The third and last tournament in which Florence Stanuell took part in in 1887 was the Northern Lawn Tennis Association Tournament, popularly known as the Northern Championships. This tournament was held in mid-June, alternating annually between a venue in Liverpool and one in Manchester. In 1887, the venue was the Old Trafford Ground in Manchester, where Florence Stanuell reached the semi-finals of the singles event before the Englishwoman Margaret Bracewell beat her, 6-1, 6-8, 6-3. In the doubles event Florence and Louisa Martin lost in the final to Lottie Dod and her older sister, Ann, 6-4, 2-6, 6-3.

In 1888, possibly due to professional commitments, Florence Stanuell restricted her participation solely to the Northern Championships, held that year on the grounds of the Liverpool Cricket Club in Aigburth. In the quarter-finals of the singles event in Liverpool Florence Stanuell lost easily to Blanche Hillyard, the former Miss Bingley, 6-1, 6-2. (It is worth noting that, in those days, the draws at many lawn tennis tournaments, including the most important ones, were very small. For example, the draw for the women’s singles event at the Northern Championships in 1888 was just nine, plus the holder, Lottie Dod who, as the defending champion, did not have to play through the event, but instead was able to ‘sit out’ and await the winner of what was then known as the All-Comers’ event.)

In 1889, as if to make up for her almost complete absence from the lawn tennis scene during the previous year, Florence Stanuell took part in four tournaments. Her first appearance came at the Irish Championships in Dublin, where she lost in the quarter-finals of the singles event to Louisa Martin, 6-2, 8-6. Together, both players won the doubles event for the second time by defeating Blanche Hillyard and Lena Rice in the final, 6-4, 6-2.

Helena ‘Lena’ Rice, from County Tipperary, would one year later create history by winning the singles title at Wimbledon. No other Irishwoman had done so before her and none has done so since, although it should be remembered that Lena needed to win only two matches to take the title. The draw of four players did not include the top players of the time, Blanche Hillyard, Lottie Dod and Lena’s countrywoman, Louisa Martin, who was a better player, but only played at Wimbledon four times. In 1889, at the Irish Championships Louisa Martin won the singles title at the Irish Championships for the first of a record nine times when she beat Blanche Hillyard in the final, 7-5, 6-0.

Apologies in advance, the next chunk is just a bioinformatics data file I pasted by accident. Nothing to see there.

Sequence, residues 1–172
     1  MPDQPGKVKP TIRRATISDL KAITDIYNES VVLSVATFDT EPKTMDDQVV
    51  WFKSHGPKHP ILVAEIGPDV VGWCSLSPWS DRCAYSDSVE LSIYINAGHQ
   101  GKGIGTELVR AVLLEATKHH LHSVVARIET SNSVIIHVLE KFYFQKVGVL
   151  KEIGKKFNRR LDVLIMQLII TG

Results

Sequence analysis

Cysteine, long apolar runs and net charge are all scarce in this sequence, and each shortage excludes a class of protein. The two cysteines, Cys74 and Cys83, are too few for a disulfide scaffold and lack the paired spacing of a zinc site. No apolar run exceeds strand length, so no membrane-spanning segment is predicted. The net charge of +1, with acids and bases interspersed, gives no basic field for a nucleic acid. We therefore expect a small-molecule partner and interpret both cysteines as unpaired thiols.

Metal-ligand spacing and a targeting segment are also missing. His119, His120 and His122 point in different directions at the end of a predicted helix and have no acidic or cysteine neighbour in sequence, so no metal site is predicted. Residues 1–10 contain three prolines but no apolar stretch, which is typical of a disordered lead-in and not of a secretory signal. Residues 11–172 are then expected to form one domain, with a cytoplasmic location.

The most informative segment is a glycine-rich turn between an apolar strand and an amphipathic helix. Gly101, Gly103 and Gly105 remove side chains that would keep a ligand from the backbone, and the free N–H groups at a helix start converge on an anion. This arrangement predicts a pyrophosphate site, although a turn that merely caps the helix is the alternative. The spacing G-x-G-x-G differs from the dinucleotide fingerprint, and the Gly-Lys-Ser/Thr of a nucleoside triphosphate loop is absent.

The second lawn tennis tournament in which Florence Stanuell took part in 1889 was the West of England Championships, which was held in the popular spa town of Bath during the final week of May. From a draw of eight players, Florence reached the singles final in Bath where she took the first set off Louisa Martin before losing, 4-6, 6-1, 6-2. Although Florence was capable of ‘pushing’ Louisa Martin in a singles match, she would never beat her in this event at any tournament. However, there was a consolation of sorts for Florence in Bath when she and Louisa Martin won the doubles event together, beating the rather obscure N. Everett and N. Pope, both of whom appear to have been English, in the final, 6-0, 6-3.

One week later, at the Cheltenham tournament, Florence Stanuell again reached the singles final before again falling to the all-conquering Louisa Martin. This time the score was 6-1, 4-6, 6-2. In the mixed doubles event in Cheltenham, Florence Stanuell teamed up with the Irishman Arthur Wilson (full name Arthur John de Courcy Wilson). They won the title together, defeating Louisa Martin and the Englishman Wilfred Milne in the final, 7-5, 5-7, 6-2.